Street banner artists share their inspiration

·5 min read

As you travel through Richmond, you may notice colourful and unique street banners hanging above you.

Each year, 10 artists are chosen from a pool of applicants to have their work displayed on banners. Each winning design represents one of the 10 categories: resilience, community, connection, wellness, active living, urban landscape, nature, island city, the arts and sustainability.

Three of this year’s winning artists shared the inspiration behind their designs: Micah Groberman, Dawn Levelton and Megan Yung.

Submissions for this year’s contest are being accepted through Sept. 17 at richmond.ca/banners

Micah Groberman (nature)

How long have you been creating art, and what inspired you to start?

“I have been involved in the arts for many years, mainly music after growing up in a creative family. I dabbled in photography a few years ago and fell in love with the peace of mind I felt while out on photography walks. I shoot mainly wildlife, nature and landscape and was truly inspired to find a new focus when the pandemic hit.”

Why did you submit your art to the city's street banner contest?

“I was inspired to submit a couple of years ago to the Richmond street banner contest with photos that did not make the cut. I noticed that Richmond was holding the street banner contest again and thought my photography had greatly improved over the past year and I wanted to submit again.”

What inspired the piece that became a banner?

“My kids truly inspired that image. I was out on a photo walk with my eight-year-old son when we noticed a great blue heron on the water’s edge in Terra Nova. I was lucky to be in the right spot at the right time when a red-winged blackbird came flying straight at the heron, making for a dramatic nature photo.”

What emotions do you feel seeing your art displayed around the city?

“I am very proud of the photo and that I get to share that feeling with my family, hopefully inspiring my kids to continue with photography.”

Dawn Levelton (active living)

How long have you been creating art, and what inspired you to start?

“Since I was very young. I started out with drawing and painting like most kids and always took art classes as electives in high school, when I discovered my love for carving soapstone. I studied fine arts in college and fell in love with photography when I was studying photo journalism.”

Why did you submit your art to the city's street banner contest?

“I wanted to share the joy this picture brings me with my community. It has all the elements I love—nature, bright cheerful colours and my cruiser in a field of flowers covered in sunshine. Another part of me entered this contest to see if I could win. Nothing felt more gratifying than winning something during a time when we all could use a big win.”

What inspired the piece that became a banner?

“Nature is always my biggest inspiration. This picture was taken during the height of the pandemic on a bike ride with my other half Steve. When we approached this gorgeous field of wild lupin flowers, I felt a sense of urgency to capture that moment of pure bliss that I felt needed to be shared during a time of such fear and uncertainty.”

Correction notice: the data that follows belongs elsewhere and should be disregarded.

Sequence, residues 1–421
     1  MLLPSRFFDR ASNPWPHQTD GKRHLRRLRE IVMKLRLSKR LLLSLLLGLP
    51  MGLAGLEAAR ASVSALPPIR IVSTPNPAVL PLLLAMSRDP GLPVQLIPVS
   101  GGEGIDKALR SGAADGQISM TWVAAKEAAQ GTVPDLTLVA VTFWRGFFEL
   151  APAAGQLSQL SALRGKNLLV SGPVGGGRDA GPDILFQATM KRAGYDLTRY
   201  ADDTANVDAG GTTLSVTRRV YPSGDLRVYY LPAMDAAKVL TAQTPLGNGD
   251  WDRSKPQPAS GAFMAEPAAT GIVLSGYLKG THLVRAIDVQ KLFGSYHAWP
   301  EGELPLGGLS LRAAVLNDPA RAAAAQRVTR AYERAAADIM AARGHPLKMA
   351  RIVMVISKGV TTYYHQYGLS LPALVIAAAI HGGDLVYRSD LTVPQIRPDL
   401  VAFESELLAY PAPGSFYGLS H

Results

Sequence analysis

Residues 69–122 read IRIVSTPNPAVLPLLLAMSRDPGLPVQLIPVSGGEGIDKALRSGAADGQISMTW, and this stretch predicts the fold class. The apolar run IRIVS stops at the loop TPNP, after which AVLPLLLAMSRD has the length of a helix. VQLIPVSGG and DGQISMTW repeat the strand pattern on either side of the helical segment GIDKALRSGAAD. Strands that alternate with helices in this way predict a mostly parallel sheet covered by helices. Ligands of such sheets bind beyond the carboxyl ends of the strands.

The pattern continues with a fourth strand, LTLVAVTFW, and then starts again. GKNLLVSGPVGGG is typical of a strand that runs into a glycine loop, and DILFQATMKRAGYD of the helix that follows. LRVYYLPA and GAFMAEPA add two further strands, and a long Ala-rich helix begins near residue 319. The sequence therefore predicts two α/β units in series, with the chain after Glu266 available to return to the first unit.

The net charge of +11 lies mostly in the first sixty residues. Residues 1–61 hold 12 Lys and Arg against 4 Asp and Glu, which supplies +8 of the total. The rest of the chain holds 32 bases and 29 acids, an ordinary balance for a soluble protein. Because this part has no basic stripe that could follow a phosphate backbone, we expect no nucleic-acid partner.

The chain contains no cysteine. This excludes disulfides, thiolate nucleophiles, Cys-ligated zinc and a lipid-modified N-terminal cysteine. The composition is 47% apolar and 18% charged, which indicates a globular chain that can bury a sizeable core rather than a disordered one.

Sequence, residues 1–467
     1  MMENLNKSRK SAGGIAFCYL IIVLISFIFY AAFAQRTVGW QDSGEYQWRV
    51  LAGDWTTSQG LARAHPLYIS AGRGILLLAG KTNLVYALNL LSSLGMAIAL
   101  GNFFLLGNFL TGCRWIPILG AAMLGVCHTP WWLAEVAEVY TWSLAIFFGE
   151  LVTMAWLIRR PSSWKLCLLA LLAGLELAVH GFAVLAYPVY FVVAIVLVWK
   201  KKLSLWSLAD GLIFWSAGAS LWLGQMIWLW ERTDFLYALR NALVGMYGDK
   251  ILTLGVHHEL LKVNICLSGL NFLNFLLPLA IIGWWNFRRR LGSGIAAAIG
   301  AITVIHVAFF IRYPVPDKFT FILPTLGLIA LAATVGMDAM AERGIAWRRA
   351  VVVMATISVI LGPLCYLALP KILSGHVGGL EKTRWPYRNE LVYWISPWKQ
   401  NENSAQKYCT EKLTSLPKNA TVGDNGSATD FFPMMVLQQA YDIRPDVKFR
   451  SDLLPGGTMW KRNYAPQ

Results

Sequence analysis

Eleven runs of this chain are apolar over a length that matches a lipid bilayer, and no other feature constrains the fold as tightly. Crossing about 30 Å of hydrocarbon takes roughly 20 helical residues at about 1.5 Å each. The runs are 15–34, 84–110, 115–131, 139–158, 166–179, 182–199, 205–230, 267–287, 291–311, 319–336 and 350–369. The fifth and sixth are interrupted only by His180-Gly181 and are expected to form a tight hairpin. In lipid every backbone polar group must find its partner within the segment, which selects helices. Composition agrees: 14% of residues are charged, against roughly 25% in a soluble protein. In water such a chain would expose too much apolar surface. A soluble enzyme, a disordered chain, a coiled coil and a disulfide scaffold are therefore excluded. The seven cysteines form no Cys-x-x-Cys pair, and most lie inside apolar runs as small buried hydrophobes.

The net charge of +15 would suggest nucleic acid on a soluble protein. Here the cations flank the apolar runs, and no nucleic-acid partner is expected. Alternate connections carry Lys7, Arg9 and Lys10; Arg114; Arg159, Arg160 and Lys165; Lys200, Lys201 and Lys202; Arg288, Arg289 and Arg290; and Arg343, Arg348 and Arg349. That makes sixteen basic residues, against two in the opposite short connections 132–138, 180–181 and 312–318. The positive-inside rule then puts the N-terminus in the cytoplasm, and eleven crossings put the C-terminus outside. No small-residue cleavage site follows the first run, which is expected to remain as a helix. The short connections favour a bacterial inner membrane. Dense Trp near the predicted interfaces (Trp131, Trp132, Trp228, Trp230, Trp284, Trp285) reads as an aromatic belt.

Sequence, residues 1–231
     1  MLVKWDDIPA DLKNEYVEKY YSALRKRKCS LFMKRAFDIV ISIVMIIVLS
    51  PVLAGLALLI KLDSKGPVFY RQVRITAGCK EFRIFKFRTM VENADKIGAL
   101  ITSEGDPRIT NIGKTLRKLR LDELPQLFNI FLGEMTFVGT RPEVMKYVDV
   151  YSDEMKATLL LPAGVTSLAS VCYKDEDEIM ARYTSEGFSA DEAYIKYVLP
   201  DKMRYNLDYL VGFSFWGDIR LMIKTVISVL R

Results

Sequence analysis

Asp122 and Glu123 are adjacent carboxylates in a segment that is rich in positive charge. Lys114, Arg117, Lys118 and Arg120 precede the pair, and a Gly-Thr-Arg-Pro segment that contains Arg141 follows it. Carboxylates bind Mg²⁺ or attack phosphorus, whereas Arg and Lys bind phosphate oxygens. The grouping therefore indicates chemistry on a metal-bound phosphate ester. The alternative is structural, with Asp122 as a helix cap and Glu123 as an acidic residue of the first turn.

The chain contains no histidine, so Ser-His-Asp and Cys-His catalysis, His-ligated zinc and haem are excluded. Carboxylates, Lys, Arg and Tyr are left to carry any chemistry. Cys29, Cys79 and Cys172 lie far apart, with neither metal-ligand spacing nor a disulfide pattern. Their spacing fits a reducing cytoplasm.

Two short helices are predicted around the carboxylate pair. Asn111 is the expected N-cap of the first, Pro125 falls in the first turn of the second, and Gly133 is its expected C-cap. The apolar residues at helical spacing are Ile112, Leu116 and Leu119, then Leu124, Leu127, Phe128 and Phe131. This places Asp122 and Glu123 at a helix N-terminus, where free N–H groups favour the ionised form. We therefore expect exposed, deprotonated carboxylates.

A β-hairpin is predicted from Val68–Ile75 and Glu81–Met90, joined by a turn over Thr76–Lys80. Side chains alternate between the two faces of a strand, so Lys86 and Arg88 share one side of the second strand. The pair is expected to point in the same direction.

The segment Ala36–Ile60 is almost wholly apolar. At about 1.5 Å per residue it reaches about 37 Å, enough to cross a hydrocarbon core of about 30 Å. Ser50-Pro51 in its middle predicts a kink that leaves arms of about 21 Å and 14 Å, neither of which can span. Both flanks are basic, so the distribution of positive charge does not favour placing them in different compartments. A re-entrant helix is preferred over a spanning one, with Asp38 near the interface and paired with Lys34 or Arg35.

What emotions do you feel seeing your art displayed around the city?

“I feel an overflowing amount of joy and pride. I see my banner almost daily (and) it brings a smile to my face every time. As a lifelong artist, nothing fills my soul more than to share my art with my community, with the hope that seeing my art may brighten someone’s day.”

Megan Yung (the arts)

How long have you been creating art, and what inspired you to start?

“I’ve been doing art my whole life, (but) I started taking it more seriously at the beginning of high school—I just recently graduated.”

Why did you submit your art to the city's street banner contest?

“This (contest) came up on my feed when I was scrolling social media, (and) I decided to apply in 2019. I got the art banner in 2019 and was fortunate enough to get it again in 2020. I’m mostly self-taught, so it was out of the desire to push myself out of my comfort zone. The challenge with the art banners was to create something that represented Richmond. I used that to expand the ways I create art and practice with new artistic mediums.”

What inspired the piece that became a banner?

“I created (it) during quarantine and I was looking at a lot of artists online for inspiration. One artist was using a lot of negative space in their concepts with watercolours, so I tried to incorporate that graphic white space in the flowing portion of my banner. I also hoped to capture the (feeling) of time passing sort of slowly during the time in quarantine.”

What emotions do you feel seeing your art displayed around the city?

“It feels both like an honour and kind of strange. The fact that I submitted my artwork and getting it (put on a banner) back in 2019 inspired some of my friends who are photographers to also submit their work for the contest. It’s a nice feeling to have more youth artists showing what we have to offer as the up-and-coming generation.”

Hannah Scott, Local Journalism Initiative Reporter, Richmond Sentinel

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